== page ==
Tuesday, October 4, 2011

And They Lived Happily Ever After

I may post again in this space, I may not, but I thought there should be at least some kind of update.  Especially for those who might be considering egg donation and wondering how they might adjust in the long term.  Well, next term or medium term might be a better phrase.

While I am open about the process of our children's conception, I know they really don't get it at all.  You are supposed to tell kids before age 4, but how do you tell it in terms they can understand?  The other day we were driving past the building where our children were conceived and I thought of an opportunity . . . "LB, that is the building where mommy, daddy and Belinda made you and LBII.  Belinda is the lady who donated a cell to mommy and with daddy's cell we created you." 

Already I was thinking it was over her head.  It was.  She responded by pointing at a different building and said, "That is my building and that (the one I pointed at) is your building." 

Well, I tried.

Seriously though, life is good. The other day I was thinking that it is as good as it was prior to TTC when Brad and I would quietly talk about how lucky we were - a little afraid that if we said it too loud then our luck would end. 

In most ways, I suppose, we are just like any other family.  There are a few times when I feel the sadness from not having our mutually genetic baby.  There are times when I wonder what he or she would have been like.  There are times when I still feel resentful that it was my genetics who got axed when I think they could have been preserved had we not needed IVF (and gotten pregnant back when I was only 34) due to MFI.  But those times are fewer and fewer and they never hold the ache that they once did.  I still don't think it will ever entirely go away, but compared to waking up in the middle of the night while I was pregnant with LB thinking that we made a mistake - well, that is quite the difference.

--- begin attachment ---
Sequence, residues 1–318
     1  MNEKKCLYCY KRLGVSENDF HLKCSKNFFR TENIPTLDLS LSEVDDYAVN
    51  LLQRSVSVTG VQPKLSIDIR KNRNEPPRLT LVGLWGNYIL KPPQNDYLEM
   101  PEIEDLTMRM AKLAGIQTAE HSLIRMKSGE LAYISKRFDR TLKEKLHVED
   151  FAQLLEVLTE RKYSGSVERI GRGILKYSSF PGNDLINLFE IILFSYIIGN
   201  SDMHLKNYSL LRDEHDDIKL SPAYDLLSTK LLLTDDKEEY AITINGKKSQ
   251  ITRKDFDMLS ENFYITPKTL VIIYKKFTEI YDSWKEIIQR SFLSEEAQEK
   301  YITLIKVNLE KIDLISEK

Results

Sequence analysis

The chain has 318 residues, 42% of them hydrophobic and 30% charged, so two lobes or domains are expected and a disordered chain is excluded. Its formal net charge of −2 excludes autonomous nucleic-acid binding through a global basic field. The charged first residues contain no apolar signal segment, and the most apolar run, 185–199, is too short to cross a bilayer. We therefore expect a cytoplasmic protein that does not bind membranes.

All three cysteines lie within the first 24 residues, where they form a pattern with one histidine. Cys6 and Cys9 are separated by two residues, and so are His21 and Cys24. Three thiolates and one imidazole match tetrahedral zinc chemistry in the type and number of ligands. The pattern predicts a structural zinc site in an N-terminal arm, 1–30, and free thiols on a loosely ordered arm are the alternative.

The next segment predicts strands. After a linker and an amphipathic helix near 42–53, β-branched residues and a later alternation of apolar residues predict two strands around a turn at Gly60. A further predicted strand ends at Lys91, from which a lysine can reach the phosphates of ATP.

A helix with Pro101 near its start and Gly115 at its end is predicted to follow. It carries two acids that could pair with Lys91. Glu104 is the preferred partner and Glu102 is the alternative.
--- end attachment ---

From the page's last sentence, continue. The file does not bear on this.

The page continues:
One interesting moment recently came up when (I am assuming) LB noticed how often LBII was said to look like her father.  LB said, "Mommy, I look like you and LBII looks like daddy."  I agreed with her  - justifying it because she looks like me in her mannerisms at least.  Plus I saw no reason to contradict her.  What would be the value in pointing out our differences? We look alike if she says we look alike because she sees it that way.

It has made me thoughtful, however.  I wonder if she really thinks she looks like me or if she is trying to solidify her place in the family.  I wonder what challenges will be to come as her conception becomes more understood.  I think we will find our way.

The whole IVF, infertility, DE stuff does change things.  I was thinking the other day that when we froze LBII we knew the thaw rate (thank goodness vitrification is now possible!) was 50%.  I then saw it from the other side . . . OMG WHAT DID WE DO?!  WE RISKED LBII'S LIFE!" When else would you chose to put your child through something that had only a 50% survival rate?  Well, we didn't know her then and transferring her earlier may have meant we never would know her.  I am convinced I have transferred good embryos that just didn't implant.  Heck, it happens all the time all over the world - we just don't know it. 

Then I was watching them play - as older and younger siblings play  - and wondered how they might have been different if we transferred them at the same time (assuming both would be born no matter what we did) or in reverse order?  It is mind twisting sometimes.

But I digress.  I really meant to just say that the method of their conception still comes up here and there, I still mourn the loss of my genetic child to some degree and, most importantly, we are very happy.  I am so glad we decided to move on and have children in the way that we did.